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Puiseux/Taylor Expansion of an Integrand pre-Integration

  1. Feb 1, 2016 #1

    Hepth

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    My problem : I have a function that I want to integrate, in the limit that a parameter goes to zero.

    I have a function ##f[x,r]##

    I want to compute ##F[r] = \int dx f[x,r]## and then series expand as ##r \rightarrow 0##

    This is impossible algebraically for me, but may be possible if I can expand ##f[x,r]## about ##r\rightarrow0## first. But I get a divergent result if I do.

    For example:

    Assume I have the function ##f[x,r] = \frac{1}{x+r}##

    Then $$F[r] = \int_0^1 \frac{1}{x+r} dx = log(\frac{1}{r} + 1)$$ and so the expansion is $$F[r] \approx -log(r) + r -\frac{r^2}{2} + ...$$

    which is good. That is what I want.

    But if I expand first, the truncation will cause a divergence unless i let it go to infinity:

    $$\int_0^1 \frac{1}{x+r} dx \approx\int_0^1 (\frac{1}{x} -\frac{r}{x^2}+\frac{r^2}{x^3} + ...)dx
    $$
    $$ =\bigl[ log(x) + \frac{r}{x} -\frac{r^2}{2 x^2} + (...)\bigr]_0^1$$

    which each term is divergent in the lower limit, unless you resum the series completely.


    Are there any strategies for regulating this? Z transforms? Plus distributions? etc?

    Thank you for any insight.
     
  2. jcsd
  3. Feb 1, 2016 #2
    This is generally speaking there are many different approaches you can take, like Borel-(re)sumation or dimensional regularization (zeta function regularization in 2-D), or Ramanujan resummation. But all of this is very context dependent, and it depends upon functional-properties (analyticity, etc) of your "real" underlying function. It also depends upon what exactly is causing the infinity. Without looking at the example very hard, I'd guess that zeta function regularization should do the trick. Sometimes, however, there is no "UV-complete" (in HEP language) underlying function that is valid for all limits of the parameters.
     
  4. Feb 1, 2016 #3

    Hepth

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    Well, this is a final integration over the kinematic space. The loop integrations are done and the function has products of 2 logs, dilogs, and some local divergences that were already regulated away during calculation. Its a 2-D integration finally.

    Numerically, it is convergent. But an analytic form is desirable, especially in the low-mass limit (r->0). The problem is pin-pointing the divergences as you say, which is tough. Extremely, extremely tough. There are a lot of "pole-like" structures that cancel, like in my previous example where if you had $$\int_0^1 dx \frac{1}{x+a} + ln(a) |_{a\rightarrow 0} = 0 $$ , and is convergent.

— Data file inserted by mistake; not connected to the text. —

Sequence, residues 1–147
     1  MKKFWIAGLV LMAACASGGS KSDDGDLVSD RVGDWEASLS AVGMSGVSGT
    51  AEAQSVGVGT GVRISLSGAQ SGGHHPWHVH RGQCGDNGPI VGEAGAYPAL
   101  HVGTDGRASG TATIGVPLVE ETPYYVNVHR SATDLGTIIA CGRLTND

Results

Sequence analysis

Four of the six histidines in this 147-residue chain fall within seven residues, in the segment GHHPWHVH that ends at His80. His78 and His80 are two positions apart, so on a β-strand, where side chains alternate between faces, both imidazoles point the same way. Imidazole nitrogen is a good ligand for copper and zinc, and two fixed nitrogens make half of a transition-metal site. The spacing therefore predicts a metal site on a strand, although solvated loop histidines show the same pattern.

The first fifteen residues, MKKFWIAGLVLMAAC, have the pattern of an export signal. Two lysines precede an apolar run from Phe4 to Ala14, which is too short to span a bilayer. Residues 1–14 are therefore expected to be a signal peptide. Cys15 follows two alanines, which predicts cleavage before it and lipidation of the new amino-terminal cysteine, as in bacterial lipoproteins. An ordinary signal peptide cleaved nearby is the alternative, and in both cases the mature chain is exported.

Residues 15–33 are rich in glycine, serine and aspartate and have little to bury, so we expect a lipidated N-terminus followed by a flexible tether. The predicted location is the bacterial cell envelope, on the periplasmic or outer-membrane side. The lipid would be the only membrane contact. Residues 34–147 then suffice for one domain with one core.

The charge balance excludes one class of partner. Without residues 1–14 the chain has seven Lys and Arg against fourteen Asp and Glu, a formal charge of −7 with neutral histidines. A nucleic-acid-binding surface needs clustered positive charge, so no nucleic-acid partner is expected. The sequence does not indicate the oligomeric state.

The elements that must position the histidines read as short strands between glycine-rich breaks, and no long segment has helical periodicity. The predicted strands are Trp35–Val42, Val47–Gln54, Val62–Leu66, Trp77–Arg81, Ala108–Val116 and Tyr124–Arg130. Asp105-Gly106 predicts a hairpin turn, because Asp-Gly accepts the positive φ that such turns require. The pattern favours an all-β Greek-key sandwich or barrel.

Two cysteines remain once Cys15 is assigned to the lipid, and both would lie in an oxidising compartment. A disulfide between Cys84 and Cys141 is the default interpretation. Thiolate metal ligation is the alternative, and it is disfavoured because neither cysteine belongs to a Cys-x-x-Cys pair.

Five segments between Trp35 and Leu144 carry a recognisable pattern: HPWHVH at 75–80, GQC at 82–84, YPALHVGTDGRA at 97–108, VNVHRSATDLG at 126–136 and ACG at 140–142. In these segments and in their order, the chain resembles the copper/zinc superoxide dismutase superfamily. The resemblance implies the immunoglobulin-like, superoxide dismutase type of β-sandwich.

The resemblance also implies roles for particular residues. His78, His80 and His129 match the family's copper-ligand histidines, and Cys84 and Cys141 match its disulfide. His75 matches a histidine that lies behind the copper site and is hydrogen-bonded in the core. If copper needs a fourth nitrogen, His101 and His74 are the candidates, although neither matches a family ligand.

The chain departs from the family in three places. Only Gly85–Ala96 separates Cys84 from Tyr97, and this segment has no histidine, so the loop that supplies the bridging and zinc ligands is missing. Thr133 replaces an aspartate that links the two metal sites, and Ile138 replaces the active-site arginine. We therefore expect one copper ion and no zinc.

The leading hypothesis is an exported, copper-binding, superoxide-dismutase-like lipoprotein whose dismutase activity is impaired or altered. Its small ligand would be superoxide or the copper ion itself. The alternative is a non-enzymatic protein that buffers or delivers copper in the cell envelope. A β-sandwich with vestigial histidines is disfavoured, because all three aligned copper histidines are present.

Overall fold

Even for this simple example, do you have specifically a way to expand this integrand without already knowing what the integral of ##\frac{1}{x+a}## is, and get ##0## as a result?
     
  5. Feb 1, 2016 #4
    Ah, okay. If I've interpreted what you've said correctly, you're running into what's known as a IR divergence, which needs to be separately cancelled from the UV divergences. Chapter 20 of Schwarz discusses them (as do other QFT books, e.g. chapter 26 of Srednicki, 4.1.2 of Ityzkson & Zuber). This happens, for instance, in quantized Maxwell theory (and necessarily in all conformal field theories). Essentially what's going on is that you're integrating something that doesn't die off sufficiently fast asymptotically/##k \to 0## (e.g. flux) and so over any finite region of spatial integration, you get a finite answer. But as you try to integrate this over an infinite volume (i.e. around ##k=0##), you're getting a divergent quantity.

    One thing you might try, which is done in QED, is add a mass in the propagator of the guilty particle, and then send it to zero after you've performed all integrals.
     
    Last edited: Feb 1, 2016
  6. Feb 2, 2016 #5

    Hepth

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    This is my problem, but as in your last sentence this is what I am trying to do." "a" in the example above is the mass that I inserted. The problem is that the integration is not possible analytically. Or maybe it is, but it is extremely difficult. I would probably have to undo a lot of work and solve the loop integrals in terms of HyperGeometric functions instead so I could do some sort of recursion on them to get an analytic result.

    So my problem is after adding this mass, I cannot integrate it analytically, only numerically.

    I guess there is no solution in this case. I just need some advances methods of integration, which is what I was trying but is extremely difficult.
     
  7. Feb 2, 2016 #6
    EDIT: Let me stick to your calculus example.


    Okay, when r=0, the integral that you wrote down IS formally divergent. Numerics have no choice but to reflect this, unless the Riemann partitions (i.e. how you discretized) that you've chosen somehow accidentally make this divergent integral convergent, which almost certainly hasn't happened.

    So in the example that you give, as I do numerical integrals, and I check how the integral value changes as I make r ~ ##2^{-N} ## for larger and larger ##N##, you will discover that your integral doesn't converge, unless you subtract off the log running (i.e. make it a different function).

    So, first, please explain to me why you argue that your ## r \to 0 ## limit makes sense, even at a numerical level.
     
    Last edited: Feb 2, 2016
  8. Feb 2, 2016 #7
    I will just add a caution that may be unnecessary: When using power series (or Laurent series, it's important to keep track of which values of the variable it is valid for.

    The integration result of the form log(x + 1), where x = 1/r, has a standard Taylor series:

    log(x + 1) = x - x2/2 + x3/3 - x4/4 + ...,​

    which is valid for |x| < 1. (Obtained by integrating the geometric series for 1/(1+x).)

    Plugging in 1/r we get

    log(1/r + 1) = 1/r - 1/r2/2 + 1/r3/3 - 1/r4/4 + ...,​

    which is valid for |1/r| < 1, or in other words |r| > 1.

    If you write

    log(1/r + 1) = log(1 + r) - log(r)

    then you can change the last series to

    log(1 + 1/r) = - log(r) + r - r2/2 + r3/3 - r4/4 + ....

    which is valid for |r| < 1.

    But I'm not sure why it's important to first integrate and then expand the antiderivative in a series before evaluating at the limits of integration.
     
  9. Feb 2, 2016 #8